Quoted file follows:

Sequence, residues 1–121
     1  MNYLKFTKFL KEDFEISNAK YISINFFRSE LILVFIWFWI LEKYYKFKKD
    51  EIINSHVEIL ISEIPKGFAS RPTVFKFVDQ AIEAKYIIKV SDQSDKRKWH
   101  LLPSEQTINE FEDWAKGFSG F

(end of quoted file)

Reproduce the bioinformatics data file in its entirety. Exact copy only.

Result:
Sequence, residues 1–121
     1  MNYLKFTKFL KEDFEISNAK YISINFFRSE LILVFIWFWI LEKYYKFKKD
    51  EIINSHVEIL ISEIPKGFAS RPTVFKFVDQ AIEAKYIIKV SDQSDKRKWH
   101  LLPSEQTINE FEDWAKGFSG F